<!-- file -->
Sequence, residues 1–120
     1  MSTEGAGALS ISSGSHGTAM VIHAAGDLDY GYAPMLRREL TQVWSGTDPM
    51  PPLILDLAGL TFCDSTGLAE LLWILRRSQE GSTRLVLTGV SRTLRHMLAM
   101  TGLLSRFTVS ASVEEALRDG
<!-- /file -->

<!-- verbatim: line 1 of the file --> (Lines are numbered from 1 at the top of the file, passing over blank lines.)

Sequence, residues 1–120